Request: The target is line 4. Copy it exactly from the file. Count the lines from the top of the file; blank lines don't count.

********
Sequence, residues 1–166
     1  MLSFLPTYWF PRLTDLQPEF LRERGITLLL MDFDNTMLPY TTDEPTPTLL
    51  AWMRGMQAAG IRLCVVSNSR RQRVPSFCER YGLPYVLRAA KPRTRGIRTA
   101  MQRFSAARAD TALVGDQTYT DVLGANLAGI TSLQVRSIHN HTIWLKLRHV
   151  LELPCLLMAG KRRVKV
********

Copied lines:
   101  MQRFSAARAD TALVGDQTYT DVLGANLAGI TSLQVRSIHN HTIWLKLRHV